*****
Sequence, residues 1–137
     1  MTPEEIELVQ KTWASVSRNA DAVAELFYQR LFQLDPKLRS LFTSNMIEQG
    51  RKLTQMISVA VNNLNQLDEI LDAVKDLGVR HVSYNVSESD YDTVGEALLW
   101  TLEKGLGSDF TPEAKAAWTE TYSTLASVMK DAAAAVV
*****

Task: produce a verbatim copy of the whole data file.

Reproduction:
Sequence, residues 1–137
     1  MTPEEIELVQ KTWASVSRNA DAVAELFYQR LFQLDPKLRS LFTSNMIEQG
    51  RKLTQMISVA VNNLNQLDEI LDAVKDLGVR HVSYNVSESD YDTVGEALLW
   101  TLEKGLGSDF TPEAKAAWTE TYSTLASVMK DAAAAVV